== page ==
Cambodia’s students’ Covid-19 learning loss ‘alarming’: Research

Schools across Cambodia were closed for 250 days during 2020 and 2021, owing to the spread of Covid-19, equivalent to almost two thirds of the two school years combined.

Voun Dara

Voun Dara

The Phnom Penh Post


Bak Kheng Secondary School student doing an online exam in Prek Leap commune of Phnom Penh’s Chroy Changvar district last year. Hong Menea

April 6, 2022

PHNOM PENH – The Ministry of Education, Youth and Sport has revealed alarming new findings about the loss in learning experienced by Cambodian students during the Covid-19 pandemic, a gap which the NGO UNICEF has said requires an increased investment in education to bridge.

The finding was the result of the ministry’s latest National Grade 6 Learning Assessment conducted in November 2021, results of which were announced in March 2022, it said in a joint press statement issued with UNICEF and other educational partners.

The 87-page report, entitled “Learning Loss in the Covid-19 Pandemic Era: Evidence from the 2016-2021 Grade Six National Learning Assessment in Cambodia,” said the Education Quality Assurance Department (EQAD) under the education ministry had assessed more than 6,000 students in 230 schools across Cambodia, and found that children had broadly fallen behind in their learning during the pandemic.

Compared to the latest equivalent Learning Assessment conducted in 2016, the percentage of students who failed to demonstrate basic proficiency increased from 34 to 45 per cent in the Khmer language and from 49 to 74 per cent in Mathematics, the statement said.

Schools across Cambodia were closed for 250 days during 2020 and 2021 owing to the spread of Covid-19, equivalent to almost two thirds of the two school years combined.

The Learning Assessment results showed that boys lost more learning and performed worse in testing. 55 per cent of boys were assessed as not meeting basic proficiency in the Khmer language in 2021, compared to 34 per cent of girls.

“These are worrying results,” said education minister Hang Chuon Naron. “We worked hard with all our partners to put in place remote learning measures for students when schools were closed during the pandemic.

“The studies have shown that these did help to maintain learning for many [students], but the Learning Assessment results confirm that these activities simply weren’t enough to compensate for the learning done by children when they are in a classroom.

“It’s now time for us all to try and help Cambodian children catch up with the learning they’ve lost, a process that has begun, but must now be accelerated with the support of every partner in the education sector.”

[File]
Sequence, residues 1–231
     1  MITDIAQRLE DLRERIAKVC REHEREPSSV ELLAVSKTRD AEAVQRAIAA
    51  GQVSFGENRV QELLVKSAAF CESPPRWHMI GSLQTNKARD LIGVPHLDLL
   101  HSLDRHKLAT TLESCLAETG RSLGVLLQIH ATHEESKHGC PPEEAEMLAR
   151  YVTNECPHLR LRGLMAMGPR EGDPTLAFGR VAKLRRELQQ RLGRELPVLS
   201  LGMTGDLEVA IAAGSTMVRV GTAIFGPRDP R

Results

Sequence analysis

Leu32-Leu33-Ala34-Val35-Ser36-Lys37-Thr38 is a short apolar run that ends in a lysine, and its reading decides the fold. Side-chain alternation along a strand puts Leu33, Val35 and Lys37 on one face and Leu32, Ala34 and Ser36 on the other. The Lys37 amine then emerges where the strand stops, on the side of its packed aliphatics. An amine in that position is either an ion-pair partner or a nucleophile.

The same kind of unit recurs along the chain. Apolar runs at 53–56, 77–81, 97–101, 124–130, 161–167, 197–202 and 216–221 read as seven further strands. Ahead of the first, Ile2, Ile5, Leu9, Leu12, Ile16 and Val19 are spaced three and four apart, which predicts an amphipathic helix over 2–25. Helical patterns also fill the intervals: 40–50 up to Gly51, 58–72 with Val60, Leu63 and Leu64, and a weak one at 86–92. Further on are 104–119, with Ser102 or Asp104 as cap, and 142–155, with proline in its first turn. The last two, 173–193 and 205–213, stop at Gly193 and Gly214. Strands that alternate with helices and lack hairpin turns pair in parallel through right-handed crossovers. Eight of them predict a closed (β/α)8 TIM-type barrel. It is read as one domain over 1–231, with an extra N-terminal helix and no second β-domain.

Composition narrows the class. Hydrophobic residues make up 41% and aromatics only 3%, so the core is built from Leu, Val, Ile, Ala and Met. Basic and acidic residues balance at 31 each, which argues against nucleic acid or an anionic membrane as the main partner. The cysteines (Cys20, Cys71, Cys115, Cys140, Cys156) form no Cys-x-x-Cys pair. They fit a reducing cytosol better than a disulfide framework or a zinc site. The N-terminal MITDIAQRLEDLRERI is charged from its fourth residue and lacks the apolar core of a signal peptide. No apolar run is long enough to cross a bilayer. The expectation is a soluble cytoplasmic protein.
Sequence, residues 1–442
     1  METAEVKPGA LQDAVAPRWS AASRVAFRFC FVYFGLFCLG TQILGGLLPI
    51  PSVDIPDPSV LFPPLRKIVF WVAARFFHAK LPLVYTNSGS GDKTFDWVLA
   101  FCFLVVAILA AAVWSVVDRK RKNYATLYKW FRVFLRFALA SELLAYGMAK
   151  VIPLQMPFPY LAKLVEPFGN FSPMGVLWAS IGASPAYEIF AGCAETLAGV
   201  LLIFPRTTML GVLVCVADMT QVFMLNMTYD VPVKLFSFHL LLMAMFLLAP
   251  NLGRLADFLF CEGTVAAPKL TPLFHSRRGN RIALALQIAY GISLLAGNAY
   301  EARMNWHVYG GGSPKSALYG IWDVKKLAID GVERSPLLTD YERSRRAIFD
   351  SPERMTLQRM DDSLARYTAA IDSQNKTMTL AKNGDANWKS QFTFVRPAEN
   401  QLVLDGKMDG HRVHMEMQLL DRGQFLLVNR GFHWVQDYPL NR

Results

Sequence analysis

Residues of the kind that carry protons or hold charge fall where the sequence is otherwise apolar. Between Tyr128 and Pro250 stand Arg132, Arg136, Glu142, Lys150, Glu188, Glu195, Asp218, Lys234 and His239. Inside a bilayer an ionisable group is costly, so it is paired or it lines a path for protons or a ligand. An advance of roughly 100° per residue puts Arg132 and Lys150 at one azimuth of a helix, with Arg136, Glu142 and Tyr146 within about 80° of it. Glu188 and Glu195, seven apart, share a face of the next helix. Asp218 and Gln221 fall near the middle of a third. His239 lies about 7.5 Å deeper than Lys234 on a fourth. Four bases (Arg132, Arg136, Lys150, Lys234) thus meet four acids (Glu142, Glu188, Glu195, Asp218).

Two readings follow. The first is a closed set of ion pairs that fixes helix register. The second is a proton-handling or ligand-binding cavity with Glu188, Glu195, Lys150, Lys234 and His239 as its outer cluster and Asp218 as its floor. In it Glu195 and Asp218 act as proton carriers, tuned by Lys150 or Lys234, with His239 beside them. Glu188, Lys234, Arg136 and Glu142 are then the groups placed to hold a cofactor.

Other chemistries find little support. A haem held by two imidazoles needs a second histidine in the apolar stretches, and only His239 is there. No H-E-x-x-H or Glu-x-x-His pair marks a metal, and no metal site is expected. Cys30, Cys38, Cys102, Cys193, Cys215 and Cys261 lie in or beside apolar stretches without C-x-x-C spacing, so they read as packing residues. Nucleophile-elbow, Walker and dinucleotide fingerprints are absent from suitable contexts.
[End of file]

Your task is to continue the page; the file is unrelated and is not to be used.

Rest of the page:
Although urban schools achieved better results than rural schools in 2021, they also saw more severe levels of learning loss, especially in Khmer language, reflecting the fact that Mathematics often requires more in-person attention and support than Khmer language, the statement said. Urban schools were particularly impacted by government-imposed lockdowns which prevented physical attendance.

“Globally, learning loss is perceived as being one of the most damaging consequences of the pandemic, but Cambodia is one of the few countries that have proved its extent with hard data. I would like to acknowledge the important step taken by the education ministry to bring forth this important evidence to inform and guide the required policy and action to reverse this trend,” said UNICEF Representative in Cambodia Foroogh Foyouzat.

She continued: “We must also invest more in early grade Mathematics and Khmer Literacy. Young students need a solid foundation in these core subjects for better outcomes in later grades. At UNICEF we pledge an all-out effort with all our partners to help make this happen.”

The education ministry said that, following the finding, it hosted a Joint Technical Working Group Meeting with all of its education partners to devise an action plan.

It said some “crucial steps” have already been taken, such as mandating remedial lessons as soon as schools reopened. But the Working Group agreed that these initiatives needed to be “expanded and strengthened” to help students catch up, such as through increased targeting of the most disadvantaged students, who are likely to have suffered the greatest learning loss.

According to the statement, UNICEF has worked with partners including the education ministry, Kampuchea Action to Promote Education (KAPE), education charity VVOB and the Global Partnership for Education (GPE) to produce a set of print and offline resources to support remedial learning.

It said 2,000 teachers have been trained to use these resources, but that more trainers were needed to fill the teaching gap.

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